Over the years of working in family law, we get asked a lot of different questions. Interestingly, one of the questions we hear every now and again is whether or not a parent can simply ‘sign off’ on their parental rights to their child. There are people who have, in an effort to avoid paying child support or having the other parent pressure them into a visitation schedule, sought to give up rights to their child. The question however, is whether or not this is even possible.
The truth is that Michigan courts are very reluctant to permanently sever the connection between a child and a parent, unless another adult will be assuming the mantle of responsibility in their place. As a result, there are very few occasions when “giving up” parental rights is legally possible.
Parental Rights and Duties
Parents have constitutionally protected rights to care for and have custody of their children. As long as the children are adequately cared for and safe, the state has little need to be involved. In addition, parents have a legal obligation to financially support their children or pay child support, however there are other legal benefits that children are entitled to as well.
Children, both natural and adopted, also have other rights in the U.S. For example, social security death benefits, military benefits, inheritance rights, and legal claims for wrongful death of parents in certain situations. Children also have legal benefits from a parent, even if that parent fails to pay child support, or is a parent in name only.
How Are Rights To a Child Given Up?
Some parents believe that choosing not to participate in their child’s life is the same as giving up rights to that child. That simply isn’t true. Choosing not to pursue visitation with your child is quite different from surrendering your legal rights as a parent. There are, however, certain situations where a parent can legally give up their parental rights.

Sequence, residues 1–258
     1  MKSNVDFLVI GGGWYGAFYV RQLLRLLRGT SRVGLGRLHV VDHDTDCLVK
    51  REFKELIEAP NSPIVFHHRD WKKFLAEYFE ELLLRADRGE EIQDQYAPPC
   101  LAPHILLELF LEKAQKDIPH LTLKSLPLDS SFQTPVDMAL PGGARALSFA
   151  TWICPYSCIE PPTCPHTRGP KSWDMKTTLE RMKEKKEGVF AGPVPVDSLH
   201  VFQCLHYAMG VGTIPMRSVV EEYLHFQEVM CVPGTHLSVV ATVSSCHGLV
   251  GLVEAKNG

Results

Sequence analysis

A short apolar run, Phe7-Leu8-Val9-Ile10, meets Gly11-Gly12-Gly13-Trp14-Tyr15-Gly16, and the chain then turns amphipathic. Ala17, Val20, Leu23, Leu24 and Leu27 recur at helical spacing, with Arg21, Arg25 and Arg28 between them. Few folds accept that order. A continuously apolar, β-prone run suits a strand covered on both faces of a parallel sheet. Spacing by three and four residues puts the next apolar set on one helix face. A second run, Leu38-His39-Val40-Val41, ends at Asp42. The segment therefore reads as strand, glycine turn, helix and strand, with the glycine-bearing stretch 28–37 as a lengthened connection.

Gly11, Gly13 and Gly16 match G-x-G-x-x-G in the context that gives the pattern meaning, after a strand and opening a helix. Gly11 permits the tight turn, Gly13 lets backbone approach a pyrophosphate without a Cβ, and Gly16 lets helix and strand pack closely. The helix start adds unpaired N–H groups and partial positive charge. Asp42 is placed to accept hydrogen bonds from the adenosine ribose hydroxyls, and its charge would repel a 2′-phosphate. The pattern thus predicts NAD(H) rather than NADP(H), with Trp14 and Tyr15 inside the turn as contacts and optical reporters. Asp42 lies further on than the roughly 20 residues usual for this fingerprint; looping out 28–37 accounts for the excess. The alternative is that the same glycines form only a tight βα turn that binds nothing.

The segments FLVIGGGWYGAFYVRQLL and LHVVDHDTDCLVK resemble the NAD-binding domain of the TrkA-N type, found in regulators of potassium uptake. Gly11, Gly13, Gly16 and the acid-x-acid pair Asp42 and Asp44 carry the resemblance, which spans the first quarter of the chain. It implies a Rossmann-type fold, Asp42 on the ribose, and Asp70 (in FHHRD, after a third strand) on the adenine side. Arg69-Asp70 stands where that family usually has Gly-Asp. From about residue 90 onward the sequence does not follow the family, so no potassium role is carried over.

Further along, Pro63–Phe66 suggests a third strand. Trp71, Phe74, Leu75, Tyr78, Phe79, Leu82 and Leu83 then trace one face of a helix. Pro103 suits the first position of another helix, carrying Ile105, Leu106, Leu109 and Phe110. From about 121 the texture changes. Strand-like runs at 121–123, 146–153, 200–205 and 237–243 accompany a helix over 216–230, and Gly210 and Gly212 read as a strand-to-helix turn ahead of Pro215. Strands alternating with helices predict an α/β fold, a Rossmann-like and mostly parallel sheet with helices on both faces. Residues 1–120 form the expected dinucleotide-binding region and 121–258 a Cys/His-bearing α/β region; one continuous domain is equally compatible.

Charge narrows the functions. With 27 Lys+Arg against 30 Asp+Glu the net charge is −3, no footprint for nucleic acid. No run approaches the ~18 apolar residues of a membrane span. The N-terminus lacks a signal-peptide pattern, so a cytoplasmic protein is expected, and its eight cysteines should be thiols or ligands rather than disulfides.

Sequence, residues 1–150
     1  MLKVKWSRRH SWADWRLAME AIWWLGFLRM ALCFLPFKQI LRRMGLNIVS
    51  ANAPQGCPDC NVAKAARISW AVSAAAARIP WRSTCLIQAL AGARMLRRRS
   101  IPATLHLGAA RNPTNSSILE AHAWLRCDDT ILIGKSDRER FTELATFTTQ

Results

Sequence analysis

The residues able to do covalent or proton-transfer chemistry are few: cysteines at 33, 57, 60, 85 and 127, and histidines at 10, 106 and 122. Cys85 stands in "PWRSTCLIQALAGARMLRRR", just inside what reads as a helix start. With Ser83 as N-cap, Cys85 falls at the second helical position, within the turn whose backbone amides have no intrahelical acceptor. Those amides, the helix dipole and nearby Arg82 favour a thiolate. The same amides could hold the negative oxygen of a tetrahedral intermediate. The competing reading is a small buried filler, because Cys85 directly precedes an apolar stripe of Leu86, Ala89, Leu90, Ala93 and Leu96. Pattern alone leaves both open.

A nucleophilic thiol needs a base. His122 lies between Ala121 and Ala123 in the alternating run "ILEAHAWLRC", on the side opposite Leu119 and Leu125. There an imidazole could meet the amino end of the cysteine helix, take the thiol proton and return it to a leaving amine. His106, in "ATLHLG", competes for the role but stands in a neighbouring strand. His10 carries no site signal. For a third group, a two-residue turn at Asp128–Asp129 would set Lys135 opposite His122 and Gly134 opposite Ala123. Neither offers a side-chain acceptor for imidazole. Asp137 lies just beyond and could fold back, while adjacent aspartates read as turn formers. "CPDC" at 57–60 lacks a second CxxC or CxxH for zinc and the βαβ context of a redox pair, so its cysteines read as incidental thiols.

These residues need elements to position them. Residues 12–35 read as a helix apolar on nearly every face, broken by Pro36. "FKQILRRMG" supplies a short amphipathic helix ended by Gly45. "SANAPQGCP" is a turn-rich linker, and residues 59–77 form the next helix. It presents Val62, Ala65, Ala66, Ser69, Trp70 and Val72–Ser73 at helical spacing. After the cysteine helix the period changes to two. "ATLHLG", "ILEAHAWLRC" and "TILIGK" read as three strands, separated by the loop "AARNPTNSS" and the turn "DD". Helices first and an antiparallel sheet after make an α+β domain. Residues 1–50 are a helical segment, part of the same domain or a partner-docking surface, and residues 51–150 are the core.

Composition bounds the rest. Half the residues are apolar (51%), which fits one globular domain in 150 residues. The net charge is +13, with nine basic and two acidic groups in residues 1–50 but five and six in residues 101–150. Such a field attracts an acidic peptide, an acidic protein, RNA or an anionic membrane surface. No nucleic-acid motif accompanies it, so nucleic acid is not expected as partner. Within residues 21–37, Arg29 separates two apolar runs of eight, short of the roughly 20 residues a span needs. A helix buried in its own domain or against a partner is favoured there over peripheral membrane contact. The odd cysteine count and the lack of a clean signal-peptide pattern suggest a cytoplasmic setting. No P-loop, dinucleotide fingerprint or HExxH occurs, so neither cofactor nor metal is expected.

Once example of this would be Michigan’s Safe Delivery Law, which allows a parent to legally surrender an unharmed newborn who is no older than 72 hours to the correct authorities. In doing so, the parent also surrenders any legal rights they have to the child. This ensures that unwanted infants are placed with loving families, and that mothers who don’t want their newborns can hand them over safely without risking the baby’s life or abuse and neglect charges.
Another example would be when a parent with custody remarries and the new step-parent wants to legally adopts the child. In this case, the parent without custody is able to sign off on their parental rights with the court, as their is a new parent stepping into the role in their place. Obviously, if only one parent consents to the adoption it wouldn’t be sanctioned by the court.
Finally, when a parent cannot or will not parent a child properly or safely, Child Protective Services steps in and removes the child from the custody of their parent or parents. If the abuse or neglect was considered severe enough, CPS will seek to terminate that parent’s rights to their child through a petition made to the court. If the court grants the termination, the child will be cleared for adoption.
If you have any questions about child custody or about parental rights in Michigan, our highly skilled family law attorneys are here to help. Please call us at 517 866 1000 to discuss your case. We have decades of experience handling all manner of family law issues, from custody and alimony to personal protection orders and paternity cases. We are here to help you.